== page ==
In contrast to the centralized architecture of cloud computing, the geographical distribution of the fog nodes plays an important role in delivering high quality information among end devices through access points and proxies that are geographically located on the highways. For instance, vehicles moving on the same road can share important information about the conditions of the road. Noteworthy, the information need not have to be of the same format as fog computing supports data processing of different kinds.
Fog computing capabilities are not limited to the above-mentioned characteristics, there are quite a few services offered to customers. Such as software as a service (SaaS) which allows end-users to use applications running on a fog node. Another one is the platform as a service (PaaS) that allows end-users to deploy applications onto the platform of fog node. Lastly, the Infrastructure as a service (IaaS) that provides customers with computing resources such as data processing, storage, and networks.
The architecture of fog computing
One of the features that a distinguishes fog computing from cloud computing is the approach used to design the architecture of fog computing system. The Heterogenous physical resources layer, orchestration layer, and abstraction layer are the main components of cloud computing that give it functionalities not present in cloud computing architecture(Dhelim, Hu, Ning, Qiu, 2017). Figure 1 below illustrates a detail architecture of fog computing along with end-devices and software residing on each layer.
Figure 1: The architecture of Fog Computing
The image (Openfogconsortium, 2018) shows the architecture of fog computing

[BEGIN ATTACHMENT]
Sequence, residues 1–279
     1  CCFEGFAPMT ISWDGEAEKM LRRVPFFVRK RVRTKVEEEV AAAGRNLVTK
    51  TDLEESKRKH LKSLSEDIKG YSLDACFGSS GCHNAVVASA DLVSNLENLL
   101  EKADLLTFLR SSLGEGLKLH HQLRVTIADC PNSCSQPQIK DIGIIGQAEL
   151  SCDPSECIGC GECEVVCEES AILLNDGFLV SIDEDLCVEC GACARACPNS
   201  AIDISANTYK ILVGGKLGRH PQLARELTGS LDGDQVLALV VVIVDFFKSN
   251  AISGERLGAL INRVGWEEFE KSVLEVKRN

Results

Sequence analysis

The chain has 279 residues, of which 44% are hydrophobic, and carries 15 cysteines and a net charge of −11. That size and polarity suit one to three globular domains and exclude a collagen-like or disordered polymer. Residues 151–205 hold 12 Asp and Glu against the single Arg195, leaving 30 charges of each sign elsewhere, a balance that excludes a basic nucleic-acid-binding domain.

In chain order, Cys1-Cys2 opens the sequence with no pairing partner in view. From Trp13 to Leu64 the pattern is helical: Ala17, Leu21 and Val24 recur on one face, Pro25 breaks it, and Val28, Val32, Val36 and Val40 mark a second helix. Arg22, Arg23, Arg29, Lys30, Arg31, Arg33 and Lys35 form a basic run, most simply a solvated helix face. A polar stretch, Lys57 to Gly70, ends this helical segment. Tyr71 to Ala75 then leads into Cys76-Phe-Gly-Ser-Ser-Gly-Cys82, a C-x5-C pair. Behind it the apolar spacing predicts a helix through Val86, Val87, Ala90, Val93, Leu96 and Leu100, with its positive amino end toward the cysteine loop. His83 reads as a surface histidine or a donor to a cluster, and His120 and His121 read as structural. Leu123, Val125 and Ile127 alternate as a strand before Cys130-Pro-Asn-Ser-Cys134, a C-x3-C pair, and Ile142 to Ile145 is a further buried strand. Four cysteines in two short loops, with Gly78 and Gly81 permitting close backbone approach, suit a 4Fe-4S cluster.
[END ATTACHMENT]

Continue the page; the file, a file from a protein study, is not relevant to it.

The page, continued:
On the top boundary of fog computing architecture lies the orchestration layer that is responsible for managing services on the fog nodes. Some of these services include software as a service and platform as a service. This also provides different Application Programming Interfaces (API) that are compatible with a wide range of devices which may be used to query data against a distributed database and for deploying users` application (Caganoff, 2013).
The orchestration layer ensures that the resources are kept safe but does not have capabilities of managing them. This is where its neighboring layer (Heterogenous physical resource layer) comes into play. This duo works together to ensure services such as reliability, availability and real-time characteristics (Wobker, Seitz, Mueller, & Bruegge, 2018). Heterogenous physical resource layer consists of components responsible for the deployment of the same application to devices with different capabilities. For instance, during video streaming the same video can be optimized and delivered to devices with different cameras. There is no need to worry about transferring a large amount of data to the cloud server because the primary processing of data is performed locally at the fog node installed next to sensors which then transfer it to the cloud servers after processing. A three-level data model constructed of the distributed database is introduced to facilitate the process of requesting and delivering data to appropriate devices (Tsukasa, 2018). The first level is which saves data from a sensor is placed in the fog nodes. The extracted data and its analysis are saved in the second level and third level which both resides in the cloud servers.